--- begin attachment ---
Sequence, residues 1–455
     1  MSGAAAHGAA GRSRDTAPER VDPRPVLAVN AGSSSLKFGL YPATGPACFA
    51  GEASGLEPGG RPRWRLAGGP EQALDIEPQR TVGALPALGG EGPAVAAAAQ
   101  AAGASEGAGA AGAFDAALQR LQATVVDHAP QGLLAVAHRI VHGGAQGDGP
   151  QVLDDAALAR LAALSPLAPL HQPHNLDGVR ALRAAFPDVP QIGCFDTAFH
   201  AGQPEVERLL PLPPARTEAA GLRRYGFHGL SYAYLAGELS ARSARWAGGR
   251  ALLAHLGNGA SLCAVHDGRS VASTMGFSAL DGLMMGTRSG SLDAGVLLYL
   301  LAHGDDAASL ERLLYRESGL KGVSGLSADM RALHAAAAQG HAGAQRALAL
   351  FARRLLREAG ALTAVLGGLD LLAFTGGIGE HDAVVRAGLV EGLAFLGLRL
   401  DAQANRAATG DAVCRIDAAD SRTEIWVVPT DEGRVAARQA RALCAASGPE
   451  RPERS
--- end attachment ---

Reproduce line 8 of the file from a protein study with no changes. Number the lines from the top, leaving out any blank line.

   301  LAHGDDAASL ERLLYRESGL KGVSGLSADM RALHAAAAQG HAGAQRALAL